| KYMA Chief Engineer Robbie DeCorse tunes in a live shot at the station's NuComm Troll System.|
Yuma, Ariz.-El Centro, Calif. is the first TV market to relocate to its new home in the 2 GHz spectrum band, thanks to an arrangement forged by Sprint Nextel and the Federal Communications Commission in February 2005.
Sprint Nextel is covering broadcasters' expenses to move from the spectrum they currently use to send live and taped feeds from their trucks to their stations in order to move some of its own operations into the bandwidth. The project is slated for completion by September 2007.
By mid-October, all 1,098 Broadcast Auxiliary Services licensees had been contacted, and 102 frequency-relocation agreements were signed with Sprint Nextel, said project head Michael Degitz, the company's vice president of spectrum resources.
Of the 102 signed licensees, 63 submitted purchase orders for new equipment; Yuma-El Centro was the only market that actually re-banded, he said.
"Even though individual stations have purchased and installed equipment, they cannot relocate until the entire market is ready," said Cindy Hutter Cavell, Sprint Nextel's director of broadcast engineering for the 2GHz project.
When asked about the feasibility of completing the project by September 2007, Degitz replied, "We're continuing to put out our best effort to get it done by then.
"The program's picking up momentum now-all major obstacles are behind us. We're getting a lot of deals sent in to us and we'll be completing more contracts in the near future."CUTTING EDGE
"Located in [Nielsen demographic] market 170 [out of 210], we don't normally have cutting-edge technology to use at our station," said Robbie DeCorse, chief engineer at KYMA, a Sunbelt Communications-owned NBC affiliate. "Our analog 2 GHz [gear] was purchased in 1992," he said, noting that some of it was no longer supported by the manufacturers.
In exchange, it received Nucomm's CR6D central receiver, ChannelMaster TX1/RX1 portable transmitter/receiver and Newscaster VT2 van transmitter, plus Microwave Radio Communications (MRC) ProScan III antenna, Troll Systems studio controller and other new gear.
Sprint Nextel also paid for the station's FCC BAS licensing fees, reimbursed KYMA for staff expenses dedicated to the relocation, and contracted a SignaSys training course to familiarize the engineers and master control staff with the new equipment. In addition, it contracted Western Technical Services (an MRC dealer) and truck integrator Wolf Coach, respectively, to install the receive site and truck equipment.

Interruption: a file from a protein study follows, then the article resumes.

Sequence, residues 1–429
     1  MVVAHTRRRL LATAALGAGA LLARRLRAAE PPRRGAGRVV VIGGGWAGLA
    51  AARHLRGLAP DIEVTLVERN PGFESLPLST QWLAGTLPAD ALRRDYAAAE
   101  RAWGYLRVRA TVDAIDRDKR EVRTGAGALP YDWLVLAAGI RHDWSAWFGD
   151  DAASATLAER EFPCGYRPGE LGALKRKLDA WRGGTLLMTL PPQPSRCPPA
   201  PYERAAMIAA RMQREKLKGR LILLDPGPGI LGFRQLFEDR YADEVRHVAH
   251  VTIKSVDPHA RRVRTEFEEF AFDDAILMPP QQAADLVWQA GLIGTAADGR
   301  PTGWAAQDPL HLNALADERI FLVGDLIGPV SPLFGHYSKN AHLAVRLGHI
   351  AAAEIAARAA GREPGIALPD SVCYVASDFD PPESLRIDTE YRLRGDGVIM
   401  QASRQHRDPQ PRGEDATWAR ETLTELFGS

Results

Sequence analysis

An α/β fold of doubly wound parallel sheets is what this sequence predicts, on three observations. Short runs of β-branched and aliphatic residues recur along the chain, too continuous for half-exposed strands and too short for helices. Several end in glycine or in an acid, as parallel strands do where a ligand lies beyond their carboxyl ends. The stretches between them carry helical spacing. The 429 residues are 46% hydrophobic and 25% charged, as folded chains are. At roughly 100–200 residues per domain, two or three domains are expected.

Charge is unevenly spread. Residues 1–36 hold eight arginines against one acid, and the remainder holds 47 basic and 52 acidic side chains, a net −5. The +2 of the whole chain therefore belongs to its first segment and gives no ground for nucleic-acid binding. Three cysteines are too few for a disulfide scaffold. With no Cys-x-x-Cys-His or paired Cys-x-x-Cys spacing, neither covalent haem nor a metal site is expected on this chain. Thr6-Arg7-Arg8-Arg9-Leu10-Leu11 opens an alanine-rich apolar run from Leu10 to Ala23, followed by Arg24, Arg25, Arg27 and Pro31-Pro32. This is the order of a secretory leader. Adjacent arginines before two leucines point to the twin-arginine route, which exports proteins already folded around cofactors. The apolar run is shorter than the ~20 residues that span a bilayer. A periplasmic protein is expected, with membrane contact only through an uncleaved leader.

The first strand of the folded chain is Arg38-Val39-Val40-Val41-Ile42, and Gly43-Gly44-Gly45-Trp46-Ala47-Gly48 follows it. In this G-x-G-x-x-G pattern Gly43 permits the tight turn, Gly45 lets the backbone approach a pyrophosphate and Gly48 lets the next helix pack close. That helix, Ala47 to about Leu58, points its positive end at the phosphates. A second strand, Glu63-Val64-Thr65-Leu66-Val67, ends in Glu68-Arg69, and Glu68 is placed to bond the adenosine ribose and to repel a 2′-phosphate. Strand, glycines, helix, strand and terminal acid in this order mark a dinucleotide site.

Commenting on the new setup, "with digital it's either crystal clear or it's in black-no noise or color shift-which makes the picture look great," DeCorse said. He also noted the station's new-found ability to get live shots from previously unreachable locations, like Cibola High School. "Now we get a live shot with ease."
But, as typical of new equipment, there were a few glitches.
The NuComm receiver initially knocked out the subcarriers, cutting communication. But, said DeCorse, "as soon as we told them what the problem was, they were able to correct it right away-now it works great."
A problem with hooking up the portable unit used in KYMA's El Centro bureau with KYMA's editor-"green lines through the video"-was fixed by "putting the frame sync in line to correct the phase problem," using in-house spare parts, said DeCorse.
Sprint Nextel reps met with DeCorse and KYMA GM Paul Heebink in April 2005 to explain the process of narrowing the station's channel plan. R.J. Russell, Sprint Nextel's senior broadcast engineer for the West Coast, was KYMA's former operations manager and DeCorse's ex-boss, said DeCorse.
KYMA drew up an inventory of its equipment, which was verified by a crew from Western Technical Services and Wolf Coach by July 2005, when quotes began to roll in for the new equipment. KYMA staffers took training classes with SignaSys in April 2006.
Installation of the new equipment began in June 2006. "It only took three days," said DeCorse.
Between June and September, the station operated with the new gear in the old channel plan, "working out all the bugs and kinks," said DeCorse. On Sept. 22, the station switched to the new channel plan.
DeCorse advised stations anticipating their own spectrum relocation to be mindful of the Sprint Nextel timeline and Broadcast Instruction Guide.
"If you're unsure [of] what to do next, contact your representative at Sprint Nextel to help guide you through the process," he said. And, he said, be sure to go over all manufacturer quotes with Sprint Nextel.